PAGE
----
Everyone is rapt with wonder at the so-called mystery monkey. You love it! You hate it! You have bananas ready for it! But pssst. Here's a secret. Local monkeys have been living on the lam for decades. The Internet whipped the latest from obscurity to folk hero status. But many came before it, old-school simians not afforded the luxury of a Facebook page and worldwide fandom. Here's a look back at Tampa Bay mystery monkeys of yore.
A monkey got out of a Largo pet shop and lived it up for four days at an apartment complex. Residents tried to lure it with bananas. The pet shop owner, Bob Longfellow, finally chased the monkey through the complex, grabbed it with a flying tackle and brought it back to the store. Not before giving it a scolding glare.
A yellow monkey leapt from roofs to trees in St. Petersburg until someone forked over a slice of bread smeared with peanut butter. But the wise monkey grabbed the bread and made a break for it. It posed for photos in a tree before running into a garage. The homeowner locked the garage and called an animal shelter.
Workers went to a Highland Avenue house in Clearwater to cut down a dying oak tree. They didn't expect to find a 2-foot spider monkey named Chico inside. Chico was not pleased. He ran to the roof of the family's birdhouse and hollered at the tree workers. Then he calmed down and settled into his teenage owner's lap for some petting.
An elderly woman felt a tiny hand on her foot as she checked her mail. It was a spider monkey she'd seen around before. "On my clothesline, on my car, on my jalousie door," she said. She called police, who traced the monkey back to a neighboring house. Its owner admitted to letting it out because it always came home.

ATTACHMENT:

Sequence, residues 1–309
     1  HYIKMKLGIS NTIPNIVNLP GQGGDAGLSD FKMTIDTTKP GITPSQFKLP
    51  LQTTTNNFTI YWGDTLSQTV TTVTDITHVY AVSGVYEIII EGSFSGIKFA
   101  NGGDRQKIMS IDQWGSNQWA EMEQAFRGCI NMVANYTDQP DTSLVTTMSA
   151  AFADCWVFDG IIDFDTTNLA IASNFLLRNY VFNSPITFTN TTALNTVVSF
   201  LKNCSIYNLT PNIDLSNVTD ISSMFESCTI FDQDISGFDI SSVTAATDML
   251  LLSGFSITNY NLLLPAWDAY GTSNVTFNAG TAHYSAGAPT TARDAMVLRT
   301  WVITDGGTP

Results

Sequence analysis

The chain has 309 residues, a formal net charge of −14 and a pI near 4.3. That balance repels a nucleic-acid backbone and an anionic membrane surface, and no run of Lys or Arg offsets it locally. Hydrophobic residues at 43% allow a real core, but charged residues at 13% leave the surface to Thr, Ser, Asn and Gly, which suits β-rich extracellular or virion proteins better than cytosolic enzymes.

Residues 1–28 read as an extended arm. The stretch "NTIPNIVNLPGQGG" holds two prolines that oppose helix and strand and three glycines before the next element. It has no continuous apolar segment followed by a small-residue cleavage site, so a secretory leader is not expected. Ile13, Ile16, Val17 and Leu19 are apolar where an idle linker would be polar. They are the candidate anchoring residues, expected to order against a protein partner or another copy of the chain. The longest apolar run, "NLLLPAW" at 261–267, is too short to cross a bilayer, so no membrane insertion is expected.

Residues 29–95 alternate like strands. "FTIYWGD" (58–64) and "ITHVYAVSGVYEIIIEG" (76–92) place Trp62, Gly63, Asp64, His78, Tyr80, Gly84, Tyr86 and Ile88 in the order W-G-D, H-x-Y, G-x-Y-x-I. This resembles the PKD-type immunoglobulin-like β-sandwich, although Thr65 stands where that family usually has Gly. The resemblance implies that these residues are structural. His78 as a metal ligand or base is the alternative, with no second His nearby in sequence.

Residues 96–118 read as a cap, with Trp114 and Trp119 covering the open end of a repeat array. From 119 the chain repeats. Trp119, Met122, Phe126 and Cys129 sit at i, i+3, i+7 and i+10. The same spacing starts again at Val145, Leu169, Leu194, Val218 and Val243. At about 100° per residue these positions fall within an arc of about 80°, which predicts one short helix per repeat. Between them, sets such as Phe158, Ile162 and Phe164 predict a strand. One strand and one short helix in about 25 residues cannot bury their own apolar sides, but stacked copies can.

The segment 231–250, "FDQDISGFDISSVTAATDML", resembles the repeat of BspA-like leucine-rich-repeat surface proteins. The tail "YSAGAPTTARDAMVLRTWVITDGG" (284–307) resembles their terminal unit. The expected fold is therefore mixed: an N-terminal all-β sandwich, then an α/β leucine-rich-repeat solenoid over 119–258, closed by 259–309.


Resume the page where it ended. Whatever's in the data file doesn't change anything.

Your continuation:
Clearwater police officers spent more than an hour trying to capture an elusive monkey named Rumples (short for Rumpelstiltskin, natch). Rumples ran away from his home on Reynolds Street and jumped all over cars. Officers hog-tied the monkey, but Rumples broke free.
A monkey rampaged through a quiet Clearwater neighborhood, swinging through trees, running across roofs and yards for seven hours, evading police officers and dogcatchers. Animal control briefly caught the monkey, but it jumped out of the cage, hit a worker in the chest, climbed an 8-foot fence and got away.
A cinnamon ringtail monkey escaped from Tiki Gardens, ran down Gulf Boulevard, then went to the beach. Pursuers forced the monkey into the water and grabbed it. The monkey bit a man's finger and ran off again. Police eventually coaxed the monkey into a trash can and got it home safe, but the chomped guy had to get stitches.
Police called it a monkey. Witnesses called it a fox squirrel. "But he makes a very large squirrel," said one. The animal went into a Pasco County Winn-Dixie until employees chased it out. Then it tried an Eckerd drugstore and climbed into the shopping center's rafters. The next week, customers in Eckerd saw it staring into the window.
A Capuchin simian named J.J. climbed a tree in St. Petersburg's Yacht Club Estates and refused to come down. A man squirted a garden hose at him. A woman got it down for a second by flashing food. A veterinarian finally shot J.J. with a tranquilizer. Someone came forward with pictures of his pet and took it home.
Stephanie Hayes can be reached at firstname.lastname@example.org or (727) 893-8857.